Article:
Moscow reunion concert 2005
|Origin||Munich, West Germany|
|Genres||Disco, pop, Euro disco|
|Years active||1979–1985, 2005–present|
Columbia Records (International, United States)
Edina Pop (Marika Késmárky)
Lam Virat Phetnoi
|Past members||Steve Bender (deceased)|
Louis Hendrik Potgieter (deceased)
Johannes Kupreit (deceased)
Dschinghis Khan (known in some countries as Genghis Khan) is a German Euro disco pop band. It was originally formed in Munich in 1979 to compete in the Eurovision Song Contest with their song "Dschinghis Khan". In 2018, there have been two groups with the name: the one led by original members Henriette Strobel and Edina Pop, and a more current group led by original member Wolfgang Heichel and Stefan Track, who replaced the late Louis Potgieter in the 2005 reunion concert.
The band was formed and managed by German producer Ralph Siegel. Their original eponymous song was written and produced by Ralph Siegel with lyrics by Bernd Meinunger and came in fourth place at the 1979 Eurovision Song Contest in Jerusalem. Their name is the German spelling of the name of the historical figure Genghis Khan of the Mongol Empire.
The only native Germans in the group were the bald-headed Karl-Heinz "Steve" Bender, and Wolfgang Heichel, who brought his Dutch-born wife Henriette (née Strobel) with him. Louis Hendrik Potgieter (Genghis Khan) was South African. Edina Pop (Marika Késmárky) was a Hungarian who had started her singing career in West Germany in 1969. Leslie Mándoki, also Hungarian, had left Hungary in 1975.
In 1979, the band released the singles "Dschinghis-Khan" and "Moskau". In 1980, its English-language version topped the charts in Australia for six weeks, largely thanks to Seven Network using the song as the theme music for coverage of the 1980 Summer Olympics.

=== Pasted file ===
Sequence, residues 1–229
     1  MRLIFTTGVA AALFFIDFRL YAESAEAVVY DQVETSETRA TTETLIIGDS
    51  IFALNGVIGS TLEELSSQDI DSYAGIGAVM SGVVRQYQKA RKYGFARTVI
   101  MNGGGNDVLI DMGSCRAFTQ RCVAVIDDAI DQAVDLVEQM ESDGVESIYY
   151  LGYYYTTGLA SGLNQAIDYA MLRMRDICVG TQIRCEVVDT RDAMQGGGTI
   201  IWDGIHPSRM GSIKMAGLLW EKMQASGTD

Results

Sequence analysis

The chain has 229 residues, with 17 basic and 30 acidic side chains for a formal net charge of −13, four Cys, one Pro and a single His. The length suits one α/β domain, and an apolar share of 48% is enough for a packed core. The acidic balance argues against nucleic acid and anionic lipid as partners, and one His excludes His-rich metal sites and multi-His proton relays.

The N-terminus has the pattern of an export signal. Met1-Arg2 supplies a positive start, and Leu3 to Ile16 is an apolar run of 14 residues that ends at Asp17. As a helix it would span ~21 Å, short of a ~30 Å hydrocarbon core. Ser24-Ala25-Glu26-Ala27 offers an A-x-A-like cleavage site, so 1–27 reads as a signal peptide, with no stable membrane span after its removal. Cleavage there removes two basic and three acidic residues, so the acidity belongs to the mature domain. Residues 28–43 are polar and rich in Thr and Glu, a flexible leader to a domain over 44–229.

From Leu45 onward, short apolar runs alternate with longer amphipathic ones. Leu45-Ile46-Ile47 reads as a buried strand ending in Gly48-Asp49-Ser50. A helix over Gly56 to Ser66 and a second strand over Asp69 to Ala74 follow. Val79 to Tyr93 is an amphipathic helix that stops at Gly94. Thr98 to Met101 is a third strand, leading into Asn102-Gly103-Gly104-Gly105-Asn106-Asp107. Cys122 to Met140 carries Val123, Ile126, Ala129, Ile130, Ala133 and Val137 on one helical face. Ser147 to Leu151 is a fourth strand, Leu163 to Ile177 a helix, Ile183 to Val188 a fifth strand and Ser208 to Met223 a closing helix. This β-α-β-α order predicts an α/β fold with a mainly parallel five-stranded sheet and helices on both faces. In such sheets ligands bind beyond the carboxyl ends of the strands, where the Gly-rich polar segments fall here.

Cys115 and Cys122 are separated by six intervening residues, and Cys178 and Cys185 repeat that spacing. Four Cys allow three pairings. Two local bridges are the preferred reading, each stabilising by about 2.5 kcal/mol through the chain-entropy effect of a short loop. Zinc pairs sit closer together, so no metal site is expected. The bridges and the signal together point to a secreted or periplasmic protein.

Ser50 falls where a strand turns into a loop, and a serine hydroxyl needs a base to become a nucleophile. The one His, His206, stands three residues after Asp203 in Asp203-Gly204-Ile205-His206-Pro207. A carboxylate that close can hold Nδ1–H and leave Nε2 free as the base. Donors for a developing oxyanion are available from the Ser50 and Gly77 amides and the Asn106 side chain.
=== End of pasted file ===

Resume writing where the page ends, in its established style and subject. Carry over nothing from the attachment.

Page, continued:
In an interview with Russian television presenter Alexandra Glotova, the producer of the group Dschinghis Khan, Heinz Gross, said that in the 1980s, the band was banned in the Soviet Union and was accused of anti-communism and nationalism.
The group broke up in 1984 but 1986 saw a brief reunion as Dschinghis Khan Family. Only Henriette Heichel (vocals), Leslie Mándoki (drums) and Louis Potgieter (keyboards) returned from the original lineup. The song "Wir gehör'n zusammen" led them to a national qualifying round of the Eurovision Song Contest, where they finished in second place.
The song "Wie Feuer im Wind" on the group's album "7 Leben" in 2007 is dedicated to both Potgieter and Bender as a tribute to the two members.
The success of the band eventually led to Wolfgang and Henriette's divorce, with Henriette reverting to her maiden name of Strobel.
In 2005, the band members Wolfgang Heichel, Steve Bender, Henriette Strobel and Edina Pop started a "comeback" with a show at the Retro FM festival in the Olympic stadium in Moscow. Stefan Track came as new member to the band to replace Louis Hendrik Potgieter.
In 2018, they re-recorded their song "Moskau" with producer Ralph Siegel and singers Jay Khan, Alexander Malinin and Ustinya Malinin, Jorge Jiménez & Marifer Medrano for the 2018 FIFA World Cup. In April 2018, original member Wolfgang Heichel and Stefan Track, fresh off his spin-off Rocking Son of Dschinghis Khan formed a new Dschinghis Khan after Heichel gained the rights to the name in Germany and Spain. Henriette Strobel, Edina Pop, Claus Kupreit, and producer Heinz Gross also own the rights to the name Dschinghis Khan, with both group patents revealing the use of a certain logo. Therefore, there are two disco groups with the name Dschinghis Khan.
On 12 September 2020, dancer and singer Johannes Kupreit died in a car accident in Germany. Tributes were paid from the members and Dschinghis Khan fans from around the world. New member Ohla Khan eventually replaced Kupreit after his death.
Later members (selection)
South African release
| Germany in the Eurovision Song Contest
Categories: Internet memes | Eurovision Song Contest entrants for Germany | German musical groups | Eurodisco groups | Eurovision Song Contest entrants of 1979 | Genghis Khan | 20th-century singers | 20th-century German musicians | Musical groups established in 1979 | 1979 establishments in West Germany